Funding: “A bursary of £4,000 per year, but I have also had to take on a part-time job and agency work to support myself. If social work is to attract more students something needs to be done to make studying less financially stressful.”

Where will you be working in six months’ time? “Restarting my career in a management position, possibly in residential services for adults with learning difficulties or physical disabilities in the voluntary sector. I am also interested in registration and inspection.”

Salary expectation: “£18,000 to £23,000 but I may be forced to start from the beginning and a salary of £16,800.”

Career ambition: “I want to know that when I retire I do so because I have given all I can to my profession, not that I have taken all I could stand from it.”

Name: Abbi Adair    

Age: 28

Lives: South Shields, Tyne and Wear with husband and two dogs.

Previous experience: “I was a support worker for a year with adults with learning difficulties and physical disabilities. At sixth-form college I visited a school for people with severe learning difficulties and physical disabilities weekly and I now visit a local hospital with my two Newfoundland dogs, who are registered as therapy dogs.”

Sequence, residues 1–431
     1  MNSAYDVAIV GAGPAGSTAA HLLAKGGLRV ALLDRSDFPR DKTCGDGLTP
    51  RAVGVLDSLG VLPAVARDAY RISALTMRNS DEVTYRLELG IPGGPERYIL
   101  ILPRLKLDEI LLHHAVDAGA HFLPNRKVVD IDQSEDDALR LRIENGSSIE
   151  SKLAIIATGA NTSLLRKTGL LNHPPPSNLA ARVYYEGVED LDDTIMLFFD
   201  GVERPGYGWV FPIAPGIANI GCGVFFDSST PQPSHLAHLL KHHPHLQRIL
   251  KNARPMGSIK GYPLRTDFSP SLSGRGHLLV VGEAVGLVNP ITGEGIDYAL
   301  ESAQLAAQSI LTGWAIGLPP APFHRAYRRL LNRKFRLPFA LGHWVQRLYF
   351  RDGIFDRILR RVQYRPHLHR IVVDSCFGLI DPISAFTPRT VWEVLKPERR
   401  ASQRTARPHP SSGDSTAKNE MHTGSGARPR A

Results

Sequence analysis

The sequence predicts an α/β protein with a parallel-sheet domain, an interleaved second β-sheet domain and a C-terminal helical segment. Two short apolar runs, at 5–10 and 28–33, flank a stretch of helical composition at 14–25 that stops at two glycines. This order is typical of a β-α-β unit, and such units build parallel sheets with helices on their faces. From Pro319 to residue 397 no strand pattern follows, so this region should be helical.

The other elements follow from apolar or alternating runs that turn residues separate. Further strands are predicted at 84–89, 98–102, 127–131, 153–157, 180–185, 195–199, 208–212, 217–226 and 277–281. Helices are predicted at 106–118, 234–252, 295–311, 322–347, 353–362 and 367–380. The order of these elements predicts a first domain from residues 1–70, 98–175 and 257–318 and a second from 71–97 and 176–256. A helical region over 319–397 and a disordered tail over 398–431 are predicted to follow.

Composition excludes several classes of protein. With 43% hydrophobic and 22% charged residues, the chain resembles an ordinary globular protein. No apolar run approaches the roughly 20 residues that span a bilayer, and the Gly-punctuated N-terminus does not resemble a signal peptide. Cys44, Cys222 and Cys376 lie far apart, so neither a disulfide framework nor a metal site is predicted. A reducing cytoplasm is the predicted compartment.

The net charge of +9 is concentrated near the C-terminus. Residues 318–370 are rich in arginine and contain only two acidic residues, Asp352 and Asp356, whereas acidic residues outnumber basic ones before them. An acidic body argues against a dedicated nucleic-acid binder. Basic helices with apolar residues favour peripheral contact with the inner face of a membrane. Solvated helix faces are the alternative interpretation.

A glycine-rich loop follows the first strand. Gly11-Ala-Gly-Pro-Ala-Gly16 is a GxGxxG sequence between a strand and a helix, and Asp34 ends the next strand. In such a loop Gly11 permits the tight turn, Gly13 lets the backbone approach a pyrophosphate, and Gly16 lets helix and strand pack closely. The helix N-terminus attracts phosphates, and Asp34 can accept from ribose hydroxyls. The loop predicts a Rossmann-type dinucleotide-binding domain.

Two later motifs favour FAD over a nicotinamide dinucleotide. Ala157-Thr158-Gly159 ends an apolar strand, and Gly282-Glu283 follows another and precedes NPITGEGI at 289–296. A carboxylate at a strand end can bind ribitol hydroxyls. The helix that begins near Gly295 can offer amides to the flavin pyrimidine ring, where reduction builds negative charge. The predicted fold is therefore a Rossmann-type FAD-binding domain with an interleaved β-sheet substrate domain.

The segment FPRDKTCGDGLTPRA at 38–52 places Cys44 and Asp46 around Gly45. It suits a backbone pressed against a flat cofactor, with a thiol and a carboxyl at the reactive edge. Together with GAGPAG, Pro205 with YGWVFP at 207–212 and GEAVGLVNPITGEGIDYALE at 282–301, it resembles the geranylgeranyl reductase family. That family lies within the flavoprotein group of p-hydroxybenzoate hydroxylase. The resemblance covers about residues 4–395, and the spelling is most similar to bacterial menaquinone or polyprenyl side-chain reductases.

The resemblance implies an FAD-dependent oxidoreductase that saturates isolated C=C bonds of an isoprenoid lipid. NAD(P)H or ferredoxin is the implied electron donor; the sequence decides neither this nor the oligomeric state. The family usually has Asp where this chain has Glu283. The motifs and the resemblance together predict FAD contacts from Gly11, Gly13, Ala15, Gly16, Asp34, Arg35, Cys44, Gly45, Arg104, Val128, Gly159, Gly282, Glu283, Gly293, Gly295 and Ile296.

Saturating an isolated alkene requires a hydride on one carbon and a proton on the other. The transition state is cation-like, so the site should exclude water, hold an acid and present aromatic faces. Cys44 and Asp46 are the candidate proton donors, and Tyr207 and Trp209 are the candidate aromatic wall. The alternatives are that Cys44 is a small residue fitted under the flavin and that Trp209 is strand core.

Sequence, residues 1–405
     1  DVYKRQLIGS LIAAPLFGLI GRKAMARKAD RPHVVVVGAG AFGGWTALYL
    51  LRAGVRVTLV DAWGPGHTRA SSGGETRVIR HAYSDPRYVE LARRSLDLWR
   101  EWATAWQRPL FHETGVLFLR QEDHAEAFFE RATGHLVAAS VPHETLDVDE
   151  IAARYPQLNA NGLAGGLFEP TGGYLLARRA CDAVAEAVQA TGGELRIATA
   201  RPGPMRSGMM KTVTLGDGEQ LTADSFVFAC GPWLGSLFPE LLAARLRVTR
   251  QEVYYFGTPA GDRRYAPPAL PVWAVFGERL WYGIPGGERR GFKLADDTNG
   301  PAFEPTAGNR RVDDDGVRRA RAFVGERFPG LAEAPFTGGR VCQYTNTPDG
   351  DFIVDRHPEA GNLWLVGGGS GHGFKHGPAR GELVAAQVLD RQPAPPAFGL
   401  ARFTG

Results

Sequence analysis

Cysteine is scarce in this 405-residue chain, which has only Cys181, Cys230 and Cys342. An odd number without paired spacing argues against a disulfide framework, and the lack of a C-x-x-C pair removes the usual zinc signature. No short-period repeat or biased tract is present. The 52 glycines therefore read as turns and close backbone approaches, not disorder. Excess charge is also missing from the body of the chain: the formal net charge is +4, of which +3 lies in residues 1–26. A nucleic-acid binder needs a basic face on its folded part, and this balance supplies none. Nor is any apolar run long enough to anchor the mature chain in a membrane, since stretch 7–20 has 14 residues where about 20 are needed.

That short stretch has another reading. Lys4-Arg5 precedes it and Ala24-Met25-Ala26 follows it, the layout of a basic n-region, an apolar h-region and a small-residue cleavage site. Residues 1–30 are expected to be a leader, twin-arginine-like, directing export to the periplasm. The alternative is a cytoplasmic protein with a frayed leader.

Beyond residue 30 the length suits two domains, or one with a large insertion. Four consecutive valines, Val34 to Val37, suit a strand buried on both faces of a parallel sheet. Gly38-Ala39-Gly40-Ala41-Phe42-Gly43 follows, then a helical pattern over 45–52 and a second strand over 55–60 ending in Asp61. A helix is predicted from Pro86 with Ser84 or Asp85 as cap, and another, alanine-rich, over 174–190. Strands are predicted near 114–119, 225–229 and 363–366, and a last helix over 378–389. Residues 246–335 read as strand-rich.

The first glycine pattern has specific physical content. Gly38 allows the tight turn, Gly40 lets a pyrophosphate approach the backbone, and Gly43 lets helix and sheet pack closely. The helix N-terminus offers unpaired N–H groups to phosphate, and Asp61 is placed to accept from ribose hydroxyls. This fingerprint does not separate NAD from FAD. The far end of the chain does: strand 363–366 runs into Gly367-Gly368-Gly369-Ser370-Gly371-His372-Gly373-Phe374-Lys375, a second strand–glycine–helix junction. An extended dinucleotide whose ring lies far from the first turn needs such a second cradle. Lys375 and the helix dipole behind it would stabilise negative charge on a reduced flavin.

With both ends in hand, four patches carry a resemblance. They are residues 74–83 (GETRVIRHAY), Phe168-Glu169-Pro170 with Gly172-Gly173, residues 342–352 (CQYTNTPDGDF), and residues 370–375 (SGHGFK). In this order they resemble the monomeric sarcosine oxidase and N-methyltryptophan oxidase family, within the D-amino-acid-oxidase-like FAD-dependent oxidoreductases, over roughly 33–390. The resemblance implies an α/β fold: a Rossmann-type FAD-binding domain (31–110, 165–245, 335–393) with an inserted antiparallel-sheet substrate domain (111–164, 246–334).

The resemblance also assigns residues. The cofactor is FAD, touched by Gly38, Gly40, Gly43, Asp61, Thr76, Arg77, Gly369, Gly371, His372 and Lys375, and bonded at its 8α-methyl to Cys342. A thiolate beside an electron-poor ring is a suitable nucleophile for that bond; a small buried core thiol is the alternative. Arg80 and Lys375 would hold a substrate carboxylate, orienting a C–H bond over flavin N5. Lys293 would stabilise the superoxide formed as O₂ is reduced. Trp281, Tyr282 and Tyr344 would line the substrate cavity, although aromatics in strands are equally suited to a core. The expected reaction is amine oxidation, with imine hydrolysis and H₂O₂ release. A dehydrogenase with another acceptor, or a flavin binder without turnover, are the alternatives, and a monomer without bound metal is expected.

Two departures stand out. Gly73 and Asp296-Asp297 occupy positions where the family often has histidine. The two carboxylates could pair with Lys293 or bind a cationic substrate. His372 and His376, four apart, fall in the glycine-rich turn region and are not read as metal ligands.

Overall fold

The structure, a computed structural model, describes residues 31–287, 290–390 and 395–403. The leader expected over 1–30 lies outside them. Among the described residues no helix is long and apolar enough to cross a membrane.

Why social work?: “My parents fostered two children and were involved with community work when I was younger, and this gave me an insight into the profession and the problems that children in care face. I want to work proactively with people and make a difference.”

Training: Two-year DipSW/MA, University of Durham.

Good things about course: “The course was not just text book and taught me to be self-reflective. The learning curve was tremendous.”

Bad things about course: “It is extremely intensive.”

Funding: “CCETSW funded me through the course, taking into consideration my husband’s income.”

Where will you be working in six months’ time? “Children and families social worker in a local authority.”

Salary expectation: “The going rate locally of about £16,000.”